Understanding the performance of highway embankments on degraded permafrost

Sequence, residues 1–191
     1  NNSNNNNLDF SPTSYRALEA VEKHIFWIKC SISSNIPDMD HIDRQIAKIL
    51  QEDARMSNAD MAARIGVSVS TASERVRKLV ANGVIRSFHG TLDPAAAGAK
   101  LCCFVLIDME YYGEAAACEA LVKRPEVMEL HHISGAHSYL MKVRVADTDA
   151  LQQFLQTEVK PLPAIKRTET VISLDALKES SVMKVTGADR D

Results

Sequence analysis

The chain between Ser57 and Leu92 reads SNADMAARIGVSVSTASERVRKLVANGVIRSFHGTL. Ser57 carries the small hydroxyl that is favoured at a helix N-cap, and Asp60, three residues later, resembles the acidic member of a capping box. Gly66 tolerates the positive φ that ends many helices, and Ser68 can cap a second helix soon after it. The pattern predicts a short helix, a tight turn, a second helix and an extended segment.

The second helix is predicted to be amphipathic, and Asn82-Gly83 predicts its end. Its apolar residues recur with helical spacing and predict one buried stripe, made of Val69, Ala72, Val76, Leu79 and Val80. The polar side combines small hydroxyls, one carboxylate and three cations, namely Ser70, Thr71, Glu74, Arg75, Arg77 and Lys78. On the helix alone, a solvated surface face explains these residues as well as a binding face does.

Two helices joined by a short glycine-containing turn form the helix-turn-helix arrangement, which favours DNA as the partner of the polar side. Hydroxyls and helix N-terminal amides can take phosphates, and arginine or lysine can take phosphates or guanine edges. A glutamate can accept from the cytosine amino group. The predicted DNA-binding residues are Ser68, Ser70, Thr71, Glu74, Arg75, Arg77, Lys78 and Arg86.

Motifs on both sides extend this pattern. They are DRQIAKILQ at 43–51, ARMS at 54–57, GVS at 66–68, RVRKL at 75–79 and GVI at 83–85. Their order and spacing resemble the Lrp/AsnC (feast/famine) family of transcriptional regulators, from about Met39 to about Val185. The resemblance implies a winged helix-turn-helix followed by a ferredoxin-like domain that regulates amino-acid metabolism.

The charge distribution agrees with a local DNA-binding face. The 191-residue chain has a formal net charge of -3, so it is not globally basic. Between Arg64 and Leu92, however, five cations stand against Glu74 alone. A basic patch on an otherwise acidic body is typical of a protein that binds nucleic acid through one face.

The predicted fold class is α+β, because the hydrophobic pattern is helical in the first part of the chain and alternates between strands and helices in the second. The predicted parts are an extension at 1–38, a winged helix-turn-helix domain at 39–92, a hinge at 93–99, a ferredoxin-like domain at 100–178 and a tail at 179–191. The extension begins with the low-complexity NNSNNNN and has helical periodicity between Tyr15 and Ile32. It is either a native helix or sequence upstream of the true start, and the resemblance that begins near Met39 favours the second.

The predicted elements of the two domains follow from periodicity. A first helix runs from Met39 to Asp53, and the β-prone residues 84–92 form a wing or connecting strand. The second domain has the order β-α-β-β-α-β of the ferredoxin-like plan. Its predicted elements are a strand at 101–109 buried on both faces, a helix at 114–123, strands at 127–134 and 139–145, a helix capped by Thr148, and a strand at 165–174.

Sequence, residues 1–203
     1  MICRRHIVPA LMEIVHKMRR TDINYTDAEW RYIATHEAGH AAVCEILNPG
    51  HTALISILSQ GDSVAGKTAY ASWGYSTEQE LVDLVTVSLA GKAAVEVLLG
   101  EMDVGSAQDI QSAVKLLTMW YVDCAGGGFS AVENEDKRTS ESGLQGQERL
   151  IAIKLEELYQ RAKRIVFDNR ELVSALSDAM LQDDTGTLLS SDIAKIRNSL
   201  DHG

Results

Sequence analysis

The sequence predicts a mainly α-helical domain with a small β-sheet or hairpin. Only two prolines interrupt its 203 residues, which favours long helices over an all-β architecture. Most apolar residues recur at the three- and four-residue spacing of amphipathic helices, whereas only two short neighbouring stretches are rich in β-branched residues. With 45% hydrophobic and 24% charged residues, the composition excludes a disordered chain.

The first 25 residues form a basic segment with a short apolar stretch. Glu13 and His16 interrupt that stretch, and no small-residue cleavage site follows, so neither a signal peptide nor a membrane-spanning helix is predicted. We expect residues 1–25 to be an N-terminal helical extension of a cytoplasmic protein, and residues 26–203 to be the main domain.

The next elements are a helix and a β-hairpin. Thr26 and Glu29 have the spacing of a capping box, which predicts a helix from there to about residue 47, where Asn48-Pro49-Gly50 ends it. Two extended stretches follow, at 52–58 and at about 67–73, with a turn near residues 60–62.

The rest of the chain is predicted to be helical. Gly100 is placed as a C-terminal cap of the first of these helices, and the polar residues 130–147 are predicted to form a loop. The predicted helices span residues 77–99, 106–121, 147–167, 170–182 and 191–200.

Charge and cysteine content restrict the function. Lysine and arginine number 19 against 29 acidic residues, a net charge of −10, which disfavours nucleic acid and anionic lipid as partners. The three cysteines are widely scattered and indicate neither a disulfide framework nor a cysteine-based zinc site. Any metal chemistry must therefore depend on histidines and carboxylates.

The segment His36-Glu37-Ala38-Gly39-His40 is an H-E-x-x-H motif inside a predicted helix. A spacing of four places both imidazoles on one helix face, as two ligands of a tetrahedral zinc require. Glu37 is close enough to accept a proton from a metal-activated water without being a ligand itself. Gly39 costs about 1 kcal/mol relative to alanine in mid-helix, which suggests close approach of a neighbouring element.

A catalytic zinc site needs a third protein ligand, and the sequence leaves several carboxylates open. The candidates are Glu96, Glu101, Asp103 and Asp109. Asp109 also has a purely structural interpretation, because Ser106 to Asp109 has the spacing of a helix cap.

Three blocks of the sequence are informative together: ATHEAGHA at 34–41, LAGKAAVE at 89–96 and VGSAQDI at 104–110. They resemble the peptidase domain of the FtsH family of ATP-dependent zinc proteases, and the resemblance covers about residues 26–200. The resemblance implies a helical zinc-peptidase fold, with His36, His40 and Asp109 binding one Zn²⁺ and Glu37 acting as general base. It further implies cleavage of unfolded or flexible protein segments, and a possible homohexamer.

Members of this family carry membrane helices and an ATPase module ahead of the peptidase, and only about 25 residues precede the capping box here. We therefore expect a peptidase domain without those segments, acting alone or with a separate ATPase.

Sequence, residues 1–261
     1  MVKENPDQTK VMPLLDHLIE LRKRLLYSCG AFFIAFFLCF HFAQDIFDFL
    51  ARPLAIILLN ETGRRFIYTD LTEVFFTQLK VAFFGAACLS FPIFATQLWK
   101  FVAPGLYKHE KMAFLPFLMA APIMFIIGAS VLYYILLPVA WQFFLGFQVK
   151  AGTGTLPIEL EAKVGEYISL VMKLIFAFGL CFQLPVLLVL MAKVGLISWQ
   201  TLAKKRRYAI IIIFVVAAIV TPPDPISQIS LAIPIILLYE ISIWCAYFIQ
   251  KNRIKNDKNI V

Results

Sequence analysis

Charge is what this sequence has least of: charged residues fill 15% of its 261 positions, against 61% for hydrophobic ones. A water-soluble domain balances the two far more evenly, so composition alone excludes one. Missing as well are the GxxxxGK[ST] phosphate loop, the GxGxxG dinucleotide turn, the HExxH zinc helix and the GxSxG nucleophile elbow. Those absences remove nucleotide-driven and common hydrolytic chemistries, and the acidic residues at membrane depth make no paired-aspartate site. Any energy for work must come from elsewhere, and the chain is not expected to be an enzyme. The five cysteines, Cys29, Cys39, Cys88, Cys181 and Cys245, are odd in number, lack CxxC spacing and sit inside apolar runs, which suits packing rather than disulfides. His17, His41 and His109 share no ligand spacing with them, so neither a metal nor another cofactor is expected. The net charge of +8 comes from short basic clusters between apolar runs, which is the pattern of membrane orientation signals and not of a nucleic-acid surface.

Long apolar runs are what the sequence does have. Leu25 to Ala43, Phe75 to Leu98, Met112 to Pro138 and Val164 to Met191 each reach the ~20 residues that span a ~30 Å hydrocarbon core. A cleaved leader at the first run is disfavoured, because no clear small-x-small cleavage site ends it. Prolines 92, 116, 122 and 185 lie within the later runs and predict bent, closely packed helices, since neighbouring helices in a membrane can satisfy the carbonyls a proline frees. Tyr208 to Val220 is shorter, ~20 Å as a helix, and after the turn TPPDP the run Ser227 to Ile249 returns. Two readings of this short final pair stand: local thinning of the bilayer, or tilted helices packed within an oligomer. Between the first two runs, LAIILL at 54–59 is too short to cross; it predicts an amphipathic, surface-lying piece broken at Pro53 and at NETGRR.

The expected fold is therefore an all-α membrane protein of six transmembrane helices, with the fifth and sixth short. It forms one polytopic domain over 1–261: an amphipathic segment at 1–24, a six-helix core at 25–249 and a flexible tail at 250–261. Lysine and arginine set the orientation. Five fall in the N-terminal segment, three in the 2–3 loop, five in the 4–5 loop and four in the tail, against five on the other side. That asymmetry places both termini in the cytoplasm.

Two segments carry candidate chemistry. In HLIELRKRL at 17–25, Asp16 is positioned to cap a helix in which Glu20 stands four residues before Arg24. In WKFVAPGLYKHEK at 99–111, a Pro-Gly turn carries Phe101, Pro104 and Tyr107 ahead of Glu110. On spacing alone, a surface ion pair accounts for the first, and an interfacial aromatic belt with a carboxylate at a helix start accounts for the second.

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Roads and highways in cold regions are negatively affected by settlement of embankments in areas of degraded or degrading permafrost, particularly in areas with mean annual temperatures close to 0°C where permafrost is locally discontinuous. Climate warming and human activities can lead to increases in the temperature of permafrost and to thawing. In regions of discontinuous permafrost, thawing may produce thickening of the active layer, large settlements and non-recoverable shear deformations. These can cause potentially dangerous trafficability issues. The research program involved a test site on Provincial Road PR391, about 18 km northwest of Thompson, Manitoba. The foundation material of PR391 is currently classified as “degraded (thawed) permafrost”. The purpose of this research was to investigate and understand the performance of highway embankments on thawed permafrost. The research involved field instrumentation and data collection, laboratory testing, thermal modelling and frost heave predictions. The results of the field instrumentation and data collection show net heat flow into the ground, as well as development of cyclic seasonal gradients of total head. This is believed to be a significant original contribution to understanding the effects of climate change on highway infrastructure. The results also show that displacements observed at the PR391 embankment are a combination of consolidation and shearing strain of the foundation material. Most studies of embankments concentrate on vertical settlements. This research shows that horizontal movements are also present, a contribution that helps explain the mechanism of lateral spreading. The results of the laboratory testing show that the mechanical and shearing properties of the soil collected from the PR391 embankment are not significantly affected by differences in temperature once water in the soil has actually thawed. The results of the thermal modelling show reasonable trends in simulated ground temperatures compared with the data obtained from the thermistors underneath the embankment. The frost heave prediction of PR391 shows that in situ frost heave characteristics can be estimated by applying the Segregation Potential (SP) frost heave method in field conditions. This provides a valuable field study to the limited number of such studies of Segregation Potential, which are normally done under laboratory conditions.